“The president and the administration are committed to a fair and accurate count of all Americans,” White House press secretary Robert Gibbs said. “We’re in the midst of determining the best way to ensure that gay and lesbian couples are accurately counted.” It is too late to change the language for the 2010 census survey, which does not include a specific box for same-sex marriages, civil unions or gay partnerships. That survey has already gone to Congress, with only boxes for “husband,” “wife” and “unmarried partner,” White House spokesman Ben LaBolt said.

So the administration is changing the census’ tabulation software to make needed changes in how the incoming data is analyzed and summarized. Formerly, if two people in one household checked “husband,” the data would be rejected. That will change, LaBolt said.

That means the count of same-sex couples won’t be comprehensive - but it will be better than before, he said. The Census Bureau has previously collected data on same-sex marriages, but not released it when it gives out all the other detailed demographic information from the decennial count, he said. Now it will be released.

On Wednesday, Obama signed a memorandum extending some of the benefits of married couples to the same-sex partners of gay federal employees. They include hospital visitation rights and the ability to take leave to care for a sick partner.

But the move to expand the rights of gays - a reliable Democratic voting bloc - was seen by many activists as too incremental and coming too late in Obama’s presidency. Health insurance and survivor benefits, among other things, were not part of Obama’s action, as they are forbidden by the 1993 Defense of Marriage Act.

Gay activists are angry that the president has not moved on legislation to overturn that law, which allows states to reject another state’s legalized gay marriages and blocks federal Washington from recognizing those state-based unions.

Another sore point is Obama’s inaction so far toward a repeal of the 1996 “don’t ask, don’t tell” policy that bans gays and lesbians from serving openly in the military.


Patricia and Alexander Harrison have been ordered by a British Columbia supreme court justice to pay approximately 13,000 U.S. dollars for harassing and tormenting a gay couple who lives next door to them.

Rod Boggs and Bill Hart, who have lived in the four unit condo since 2006, said the Harrisons and their 17-year-old son have done everything from report false accusations to the police, attempt to instigate fist fights, hurled slurs, let the air out of the couple’s car tires, threatened to kill their cat and more.

Though Mr. Harrison denied the claims that he and his wife told the couple that “gays weren’t welcome at Brighouse,” he was not believed.

Justice Halfyard did not award greater damages to the men because he said that to some extent they had provoked the Harrisons.


New York Gov. David Patterson revealed Sunday night he plans to have the State Senate vote on same-sex marriage before it breaks for the summer, according to the New York Times. He made this announcement after receiving pressure from gay rights groups because he and his administration had refused to commit to forcing a vote on the issue.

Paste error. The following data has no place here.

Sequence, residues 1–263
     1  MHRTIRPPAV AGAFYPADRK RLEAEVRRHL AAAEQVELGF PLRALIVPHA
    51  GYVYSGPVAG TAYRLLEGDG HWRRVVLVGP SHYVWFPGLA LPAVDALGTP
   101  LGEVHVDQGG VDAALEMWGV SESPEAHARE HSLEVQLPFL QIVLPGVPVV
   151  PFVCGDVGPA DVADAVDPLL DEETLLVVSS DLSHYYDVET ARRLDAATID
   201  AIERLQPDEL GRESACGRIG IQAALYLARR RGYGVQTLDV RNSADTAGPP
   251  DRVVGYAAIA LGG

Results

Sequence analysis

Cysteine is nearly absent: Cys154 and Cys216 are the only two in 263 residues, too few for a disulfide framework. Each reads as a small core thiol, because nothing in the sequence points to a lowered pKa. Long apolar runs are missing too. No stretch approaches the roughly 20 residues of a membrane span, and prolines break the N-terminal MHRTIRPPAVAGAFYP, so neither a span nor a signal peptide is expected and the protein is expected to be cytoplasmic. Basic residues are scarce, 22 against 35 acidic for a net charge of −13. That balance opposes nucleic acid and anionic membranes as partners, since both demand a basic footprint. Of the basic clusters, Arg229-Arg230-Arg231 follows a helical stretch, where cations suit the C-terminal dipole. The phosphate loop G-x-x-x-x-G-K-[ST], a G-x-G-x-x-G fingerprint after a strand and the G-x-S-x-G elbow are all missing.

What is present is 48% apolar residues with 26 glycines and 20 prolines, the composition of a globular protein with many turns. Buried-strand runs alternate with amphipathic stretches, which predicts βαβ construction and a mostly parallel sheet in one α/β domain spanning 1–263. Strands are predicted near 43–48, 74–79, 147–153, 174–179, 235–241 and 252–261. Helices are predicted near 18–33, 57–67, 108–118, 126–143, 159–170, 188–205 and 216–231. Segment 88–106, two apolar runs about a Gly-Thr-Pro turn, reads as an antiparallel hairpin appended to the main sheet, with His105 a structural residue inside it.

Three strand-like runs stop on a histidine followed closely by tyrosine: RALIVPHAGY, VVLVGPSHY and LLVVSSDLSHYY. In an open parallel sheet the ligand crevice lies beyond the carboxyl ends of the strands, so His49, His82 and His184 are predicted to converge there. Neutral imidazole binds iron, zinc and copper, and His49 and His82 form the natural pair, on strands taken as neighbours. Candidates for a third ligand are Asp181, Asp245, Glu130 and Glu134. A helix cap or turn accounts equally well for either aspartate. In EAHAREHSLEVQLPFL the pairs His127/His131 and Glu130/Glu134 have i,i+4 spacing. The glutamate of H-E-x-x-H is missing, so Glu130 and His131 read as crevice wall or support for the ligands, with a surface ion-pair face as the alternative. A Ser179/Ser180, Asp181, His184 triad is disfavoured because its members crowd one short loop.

During the same press conference, Patterson announced plans to call the Senate to a special session on Tuesday, after trying unsuccessfully for two weeks to broker a compromise in a leadership battle that has deadlocked the chamber.

Paterson, who has been a supporter of gay rights in the past and will be serving as one of the Grand Marshals in this year’s New York Pride Parade, received criticism and concern from gay rights groups Sunday after his staff would not say whether same-sex marriage would continue to be a priority.


Congresswoman Tammy Baldwin introduced the Ending Health Disparities for LGBT Americans Act on Tuesday, the first comprehensive approach to improving all areas of the health care system where lesbian, gay, bisexual, and transgender Americans face inequality and discrimination.

In a statement, Baldwin explained that the federal government lacks even the most basic data regarding the correlation between sexual orientation and gender identity and health care-related mistreatment.

In addition to investing in data collection and research, the bill establishes non-discrimination policies for all federal health programs, provides funding for cultural competence training for health care providers, extends Medicare benefits to same-sex domestic partners, creates a new office of LGBT Health within in the Department of Health and Human Services, and provides funding for community health centers who serve the LGBT community.


President Barack Obama has invited several activists to the White House next week for the 40th anniversary of the Stonewall Riots.

The invitation comes a week after Obama extended benefits to same-sex couples who work for the federal government, a move some advocates said was an important step toward full equality for gays and lesbians. At the same time, a growing number of activists are complaining that Obama, who ran for president on a gay-friendly agenda, has fallen short on his promises, delivering symbolism rather than the sweeping reforms they had expected.

Last week, Obama acknowledged that extending benefits was only one step for gays and lesbians, with many more to go. He also said he wants to repeal the discriminatory Defense of Marriage Act, declaring that he will work with Congress to overturn it.

However, the pledge was small comfort to disappointed gays and lesbians who are frustrated by Obama's reluctance to act more forcefully concerning gay marriage and the military’s "don't ask, don't tell" policy.